If you have reason to believe that your interaction with us is no longer secure, you must immediately notify us of the problem by contacting us at In the unlikely event that we believe that the security of your user information in our possession or control may have been compromised, we may seek to notify you of that development and, if so, will endeavor to do so as promptly as practicable under the circumstances.

Sharing and Disclosure of Information JD Supra Collects

Except as otherwise described in this privacy statement, JD Supra will not disclose personal information to any third party unless we believe that disclosure is necessary to: (1) comply with applicable laws; (2) respond to governmental inquiries or requests; (3) comply with valid legal process; (4) protect the rights, privacy, safety or property of JD Supra, users of the Service, Website visitors or the public; (5) permit us to pursue available remedies or limit the damages that we may sustain; and (6) enforce our Terms & Conditions of Use.

In the event there is a change in the corporate structure of JD Supra such as, but not limited to, merger, consolidation, sale, liquidation or transfer of substantial assets, JD Supra may, in its sole discretion, transfer, sell or assign information collected on and through the Service to one or more affiliated or unaffiliated third parties.

Links to Other Websites

This Website and the Service may contain links to other websites. The operator of such other websites may collect information about you, including through cookies or other technologies. If you are using the Service through the Website and link to another site, you will leave the Website and this Policy will not apply to your use of and activity on those other sites. We encourage you to read the legal notices posted on those sites, including their privacy policies. We shall have no responsibility or liability for your visitation to, and the data collection and use practices of, such other sites. This Policy applies solely to the information collected in connection with your use of this Website and does not apply to any practices conducted offline or in connection with any other websites.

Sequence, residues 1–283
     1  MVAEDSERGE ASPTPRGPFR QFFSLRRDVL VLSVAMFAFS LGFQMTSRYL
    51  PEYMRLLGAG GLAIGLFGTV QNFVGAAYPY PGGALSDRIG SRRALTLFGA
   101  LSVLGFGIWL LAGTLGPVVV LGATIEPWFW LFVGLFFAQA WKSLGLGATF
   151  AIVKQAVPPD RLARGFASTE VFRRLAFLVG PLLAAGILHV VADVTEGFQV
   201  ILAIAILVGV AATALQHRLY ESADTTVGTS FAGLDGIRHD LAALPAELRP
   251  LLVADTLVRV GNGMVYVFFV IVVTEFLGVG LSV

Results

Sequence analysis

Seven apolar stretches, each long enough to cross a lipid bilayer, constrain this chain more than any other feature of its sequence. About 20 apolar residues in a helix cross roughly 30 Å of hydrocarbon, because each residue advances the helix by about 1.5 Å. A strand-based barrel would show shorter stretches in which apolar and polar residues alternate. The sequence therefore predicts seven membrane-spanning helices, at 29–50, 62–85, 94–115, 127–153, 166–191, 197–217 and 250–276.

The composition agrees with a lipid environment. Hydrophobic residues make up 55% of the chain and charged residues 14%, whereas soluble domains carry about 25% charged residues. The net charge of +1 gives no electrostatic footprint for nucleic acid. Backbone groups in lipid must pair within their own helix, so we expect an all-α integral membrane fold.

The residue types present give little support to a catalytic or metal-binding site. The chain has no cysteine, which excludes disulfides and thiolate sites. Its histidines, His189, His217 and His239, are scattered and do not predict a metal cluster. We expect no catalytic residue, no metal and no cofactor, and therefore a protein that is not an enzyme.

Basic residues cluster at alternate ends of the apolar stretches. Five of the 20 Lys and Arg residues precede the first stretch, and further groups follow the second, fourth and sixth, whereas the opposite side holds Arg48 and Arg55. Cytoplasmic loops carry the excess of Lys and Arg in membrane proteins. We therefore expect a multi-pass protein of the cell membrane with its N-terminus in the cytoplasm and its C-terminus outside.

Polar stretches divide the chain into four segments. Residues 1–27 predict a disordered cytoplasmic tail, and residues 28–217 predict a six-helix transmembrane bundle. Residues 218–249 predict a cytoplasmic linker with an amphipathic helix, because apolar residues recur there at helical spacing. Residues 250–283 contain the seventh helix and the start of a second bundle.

Changes in Our Privacy Policy

We reserve the right to change this Policy at any time. Please refer to the date at the top of this page to determine when this Policy was last revised. Any changes to our privacy policy will become effective upon posting of the revised policy on the Website. By continuing to use the Service or Website following such changes, you will be deemed to have agreed to such changes. If you do not agree with the terms of this Policy, as it may be amended from time to time, in whole or part, please do not continue using the Service or the Website.

Contacting JD Supra

If you have any questions about this privacy statement, the practices of this site, your dealings with this Web site, or if you would like to change any of the information you have provided to us, please contact us at:

- hide
*With LinkedIn, you don't need to create a separate login to manage your free JD Supra account, and we can make suggestions based on your needs and interests. We will not post anything on LinkedIn in your name. Or, sign up using your email address.